Digital Signage Splash: Test Center Reviews Four Displays

The Test Center checks out displays and software from ELO, HP, LG and NEC

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NEC E462 46-Inch Entry-Level Commercial Display With Tuner

NEC E462 46-Inch Entry-Level Commercial Display With Tuner





With displays ranging from horizontal bar-type screens you might see on subway trains, to gigantic LED displays found in many stadiums, NEC Display Solutions of America offers perhaps the broadest array of digital signage products in the industry, with five signage lines as well as Vukunet, a top-notch content management system, at no extra charge.

For Test Center review, the company submitted the E462, a 46-inch 1,080p model from its E-Series of entry-level commercial- grade television monitors, which also includes 32- and 42-inch models. This year NEC enhanced its E-Series models with an RS-232 port for remote control, synchronizing settings on multiple monitors and disabling local controls. The E-Series now also employs a Basic Digital Information Display (B-DID) panel, which allowed the company to extend its warranty to three years from two.

Like all E-Series models, this large, no-nonsense display is intended for boardrooms, corporate lobbies, educational institutions, health clubs, retail stores, sports bars, waiting rooms and any application that calls for a bright, crisp display that can be controlled remotely using a PC.

It includes an analog/digital tuner, built-in stereo speakers, a media player for MP3 and JPG formats, VGA cable, full-function wireless remote, standard power cord and a table stand. Options include a VESA wall mount and an external dual-core 1.6GHz single board computer.

Setting up the unit was straightforward. With the stand in place and the unit plugged in, the NEC monitor winked to life at the touch of its power button. The control panel is located on the lower right-side edge and includes volume, channel, menu and input controls. Its eight inputs include TV, composite, component, VGA, three (3) HDMI and USB. A left-side panel provides single HDMI, composite and USB inputs plus a headphone jack; the remainder of the input ports are mounted on the rear panel, which also is home to the RS-232 port and an optical digital audio output port.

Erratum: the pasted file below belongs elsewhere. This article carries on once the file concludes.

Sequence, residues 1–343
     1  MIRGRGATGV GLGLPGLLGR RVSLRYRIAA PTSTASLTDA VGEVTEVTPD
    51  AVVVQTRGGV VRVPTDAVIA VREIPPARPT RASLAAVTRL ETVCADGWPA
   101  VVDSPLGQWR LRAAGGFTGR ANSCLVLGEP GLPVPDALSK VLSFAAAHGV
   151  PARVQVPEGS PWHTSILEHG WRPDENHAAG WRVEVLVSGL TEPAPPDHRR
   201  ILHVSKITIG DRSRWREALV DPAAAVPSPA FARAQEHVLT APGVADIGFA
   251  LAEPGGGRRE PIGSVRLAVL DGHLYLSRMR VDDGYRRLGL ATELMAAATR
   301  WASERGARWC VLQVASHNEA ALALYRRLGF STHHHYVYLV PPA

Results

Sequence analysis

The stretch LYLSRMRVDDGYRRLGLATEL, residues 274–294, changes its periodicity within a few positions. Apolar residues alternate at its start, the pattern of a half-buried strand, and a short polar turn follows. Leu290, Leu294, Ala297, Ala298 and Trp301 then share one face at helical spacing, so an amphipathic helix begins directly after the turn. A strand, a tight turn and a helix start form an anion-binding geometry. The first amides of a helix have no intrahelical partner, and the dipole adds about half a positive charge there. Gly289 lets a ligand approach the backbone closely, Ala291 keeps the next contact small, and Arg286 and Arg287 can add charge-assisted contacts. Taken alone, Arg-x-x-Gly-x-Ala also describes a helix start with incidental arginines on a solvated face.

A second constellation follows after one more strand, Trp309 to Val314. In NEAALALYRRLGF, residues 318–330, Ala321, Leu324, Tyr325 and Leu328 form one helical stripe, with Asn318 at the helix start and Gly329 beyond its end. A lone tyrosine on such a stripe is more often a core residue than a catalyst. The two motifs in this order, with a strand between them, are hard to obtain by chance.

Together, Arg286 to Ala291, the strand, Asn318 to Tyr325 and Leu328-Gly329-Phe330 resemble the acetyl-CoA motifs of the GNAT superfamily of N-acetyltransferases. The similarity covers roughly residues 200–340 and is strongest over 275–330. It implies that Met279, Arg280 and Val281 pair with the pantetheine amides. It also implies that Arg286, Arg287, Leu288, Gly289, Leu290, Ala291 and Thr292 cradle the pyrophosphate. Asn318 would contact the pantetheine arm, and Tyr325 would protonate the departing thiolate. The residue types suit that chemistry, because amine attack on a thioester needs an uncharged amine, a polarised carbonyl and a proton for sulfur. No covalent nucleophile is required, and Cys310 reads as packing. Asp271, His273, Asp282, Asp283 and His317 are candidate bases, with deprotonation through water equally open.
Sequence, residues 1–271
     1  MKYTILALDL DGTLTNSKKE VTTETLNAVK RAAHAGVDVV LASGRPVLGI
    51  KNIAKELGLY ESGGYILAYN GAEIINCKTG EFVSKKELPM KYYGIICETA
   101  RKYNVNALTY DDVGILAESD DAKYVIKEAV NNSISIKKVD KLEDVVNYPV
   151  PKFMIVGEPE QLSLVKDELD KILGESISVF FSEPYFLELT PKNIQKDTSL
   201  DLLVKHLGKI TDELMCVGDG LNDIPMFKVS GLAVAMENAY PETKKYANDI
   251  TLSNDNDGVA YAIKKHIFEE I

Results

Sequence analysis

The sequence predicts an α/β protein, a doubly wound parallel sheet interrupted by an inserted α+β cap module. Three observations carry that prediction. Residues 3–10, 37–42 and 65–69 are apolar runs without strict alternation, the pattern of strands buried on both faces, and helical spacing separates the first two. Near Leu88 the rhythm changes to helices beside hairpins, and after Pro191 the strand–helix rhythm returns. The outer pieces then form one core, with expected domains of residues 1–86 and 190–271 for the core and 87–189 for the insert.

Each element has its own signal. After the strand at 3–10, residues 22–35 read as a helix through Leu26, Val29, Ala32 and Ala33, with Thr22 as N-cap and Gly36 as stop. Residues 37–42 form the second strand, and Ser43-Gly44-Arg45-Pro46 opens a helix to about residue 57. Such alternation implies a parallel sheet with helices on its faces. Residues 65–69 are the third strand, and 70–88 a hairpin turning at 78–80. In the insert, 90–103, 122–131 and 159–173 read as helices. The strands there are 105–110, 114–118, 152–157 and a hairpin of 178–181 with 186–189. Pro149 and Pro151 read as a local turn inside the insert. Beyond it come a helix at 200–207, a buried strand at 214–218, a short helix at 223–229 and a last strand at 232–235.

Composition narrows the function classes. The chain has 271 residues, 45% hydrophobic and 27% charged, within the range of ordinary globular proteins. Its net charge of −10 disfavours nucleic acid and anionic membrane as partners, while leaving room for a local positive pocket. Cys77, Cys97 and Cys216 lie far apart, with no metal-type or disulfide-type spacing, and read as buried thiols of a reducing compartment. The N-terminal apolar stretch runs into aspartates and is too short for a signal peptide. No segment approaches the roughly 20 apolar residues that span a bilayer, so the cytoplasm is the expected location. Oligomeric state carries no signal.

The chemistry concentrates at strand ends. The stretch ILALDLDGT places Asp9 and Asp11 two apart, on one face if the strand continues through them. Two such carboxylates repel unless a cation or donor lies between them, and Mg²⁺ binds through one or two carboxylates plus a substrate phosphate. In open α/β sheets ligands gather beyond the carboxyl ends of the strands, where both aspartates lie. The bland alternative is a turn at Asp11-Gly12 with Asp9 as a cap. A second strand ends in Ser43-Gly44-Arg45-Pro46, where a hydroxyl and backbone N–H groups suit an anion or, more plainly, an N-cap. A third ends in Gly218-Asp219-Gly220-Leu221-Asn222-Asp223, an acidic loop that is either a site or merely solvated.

Out of the box, the E462 passed the contrast test with flying colors. All 32 levels of brightness were visible using the monitor’s default brightness, contrast and saturation settings. Some improvement was possible in terms of black level; black boxes were visible starting with number three. White level had five of the 12 boxes indistinguishable from the background. On the other hand, the E462’s performance in the gradient test was outstanding, with almost no banding visible across shades of gray.

As with most monitors that employ fluorescent backlighting, the E462 runs a bit warm. At its hottest point, the top right side of the exhaust vent measured 103 degrees after several hours of operation. The screen itself measured 101 degrees at its hottest point in the upper right corner. Solution providers should keep in mind that this unit will warm up a room if it’s not adequately ventilated. The E462 drew 158 watts in tests without the tuner. In standby mode, the unit drew less than 1 watt, according to our instruments.

The E462 measures 44.4 inches wide by 32.4 inches high with the stand, 27.6 inches without. For solution providers seeking a bright, versatile display with a wide array of inputs and options, the E462 from NEC Display Solutions is a fine solution. It lists for $899 and is covered by a three-year warranty on parts and labor, including the backlight.

The Future Is Bright

There’s a largely untapped market of digital signs out there that’s as vast as a solution provider’s imagination. With a little creative thinking, even a conservative estimate would put 50 percent of a solution provider’s existing customers in the category of being able to benefit from digital signage marketing of some kind.

Whether used to promote their own products, services and specials, provide information at the point of interest, generate revenue by helping neighbor companies, or setting up a full-blown ad network, all that’s left is for solution providers to dream up the means and select the right products to offer.

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